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A few years ago, I was asked, by a consultancy I was working with, to participate in the preparation of a workshop the newish (six months in post) SVP of a major division of one of their clients.

They had “sold” the SVP the idea of undergoing a kind of 360° feedback with his direct reports and the heads of the other divisions. To do this they had created a 10-question multi-rater (with questions like “does the SVP listen”, “does the SVP encourage” etc.) and interviewed each person.

The feedback report consisted of a spidergram of the multi-rater and a summary of the “verbatim” comments.

I had been asked to get involved because the feedback was quite ……. I choose my words carefully, “negative” and “dark”. The scores were at the best 3 or 4 (on a scale of 1 to 10) and the verbatim was “never listens to what I say”, “makes decisions completely on his own”, “disempowers people” and the like. The consultancy felt they needed someone “older” and “experienced” to handle debriefing the feedback – and I, apparently, was the man for the job!!

The feedback session was planned for about a week before the workshop, but, because of the unavailability of the SVP, I ended up debriefing him the evening before the workshop.

I had reread the interviews and discovered that he was clearly seen as “the expert” in his domain and that no one doubted his technical decisions; the “issue” was clearly his leadership of the division.

I arrived with a copy of the report, which I had rearranged to include the appreciation of his technical expertise as the first section.

I allowed him to read through the report and it wasn’t long before he started asking, “who did you interview?”, “who said this?”, “are you sure this is what was said?”; to which my answer was, “the list you agreed and I cannot say who said what.

To cut a longish story short, it was clear that he was surprised and shocked by the feedback, I could see him becoming angry and annoyed and he was clearly going to refuse and reject everything; and all this on the evening before the workshop.

Changing tack, I asked him if he knew SARA, “Sarah?” he replied, “Sarah who?”

I then quickly explained that it was fairly “normal” to be surprised and maybe shocked by unexpected feedback, that people often felt annoyed and angry about the feedback and that there was often a tendency to refuse & reject the feedback – “SAR”. I went on to say that with time and “digestion” people often come to analyse and accept the feedback – “SARA”

After a few uncomfortable moments, he started to open up; he admitted that he wasn’t “the greatest people manager”, that he was somewhat “uncomfortable when speaking to large audiences” and that he was “more interested in the product than the people”. He clearly thought he was doing what people expected of him, he was using his vast technical experience to help the division and the company to excel; he was making decisions, validating outputs, recalculating calculations …… he was doing what he was good at – but, he wasn’t leading his division.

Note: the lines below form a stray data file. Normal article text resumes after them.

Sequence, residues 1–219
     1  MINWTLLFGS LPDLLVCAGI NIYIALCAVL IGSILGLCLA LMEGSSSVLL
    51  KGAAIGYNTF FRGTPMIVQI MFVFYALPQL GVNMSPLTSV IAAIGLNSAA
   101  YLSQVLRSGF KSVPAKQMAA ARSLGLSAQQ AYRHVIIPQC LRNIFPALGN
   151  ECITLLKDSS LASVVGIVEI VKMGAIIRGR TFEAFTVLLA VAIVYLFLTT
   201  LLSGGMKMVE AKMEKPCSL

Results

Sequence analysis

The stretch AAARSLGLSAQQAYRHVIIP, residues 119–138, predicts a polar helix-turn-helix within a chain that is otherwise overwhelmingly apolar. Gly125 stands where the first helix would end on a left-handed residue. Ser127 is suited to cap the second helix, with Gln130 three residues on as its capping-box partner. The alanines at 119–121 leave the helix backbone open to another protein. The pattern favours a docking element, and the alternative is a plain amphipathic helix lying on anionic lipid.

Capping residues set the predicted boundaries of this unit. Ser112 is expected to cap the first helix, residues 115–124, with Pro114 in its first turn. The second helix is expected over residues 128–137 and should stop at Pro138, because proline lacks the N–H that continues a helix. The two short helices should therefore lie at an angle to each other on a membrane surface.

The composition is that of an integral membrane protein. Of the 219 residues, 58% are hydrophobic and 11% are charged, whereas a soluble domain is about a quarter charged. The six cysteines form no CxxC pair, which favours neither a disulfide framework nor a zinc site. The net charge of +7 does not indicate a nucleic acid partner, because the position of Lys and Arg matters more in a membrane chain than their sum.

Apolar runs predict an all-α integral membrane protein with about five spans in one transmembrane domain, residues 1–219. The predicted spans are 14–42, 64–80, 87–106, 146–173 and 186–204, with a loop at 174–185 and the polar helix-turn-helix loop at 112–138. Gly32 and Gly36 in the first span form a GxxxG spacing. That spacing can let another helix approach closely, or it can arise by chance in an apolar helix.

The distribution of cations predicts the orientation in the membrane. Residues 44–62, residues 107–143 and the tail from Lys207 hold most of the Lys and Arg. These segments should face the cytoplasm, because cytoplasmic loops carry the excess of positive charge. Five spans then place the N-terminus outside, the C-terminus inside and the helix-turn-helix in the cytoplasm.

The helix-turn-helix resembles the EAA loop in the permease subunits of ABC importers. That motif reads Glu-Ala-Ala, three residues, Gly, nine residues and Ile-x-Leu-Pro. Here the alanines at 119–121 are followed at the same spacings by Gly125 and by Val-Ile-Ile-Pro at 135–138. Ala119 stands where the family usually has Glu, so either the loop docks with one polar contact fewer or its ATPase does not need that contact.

The evening finished quite late and I was very aware that he would be giving the opening address at the workshop in the morning.

The following morning, I arrived early for the workshop but there was no sign of the SVP. I talked to the HRD who I had briefed the previous evening and waited. The SVP arrived bang on time and went straight to the stage to address the attendees.

He started his speech with, “last night, I was introduced to SARA”, if you don’t know SARA, you should meet her at least once”. He then went on to talk about the feedback he had received, he thanked everyone for the honesty, he explained how shocked & angry he was about the feedback and that the anger hadn’t “evaporated” but that he realised he would need to do things differently.

We are all perceived (judged?) by our words and deeds, what we say and do, our verbal and non-verbal behaviours. Others do not see our values, our beliefs, our dreams, our thinking patterns, they see & hear what we do and say, but they not see & hear “why” we do and say, what we do and say – even we, sometimes, do not know why we do and say, what we do and say.

Luft and Ingham explained this succinctly in their JoHari window model as did Freud with his personality iceberg. Other’s perception of us is based, at best, on around 20% of who we are; the “public window” in the JoHari model and the visible part of Freuds iceberg.

Self-awareness and ensuring you are perceived in the way you want to be perceived is paramount for successful and effective inter-personal relationships and SARA can help you on your way.

If you would like to work on your self-awareness do not hesitate to contact me at boblarcher@boblarcher.com

 

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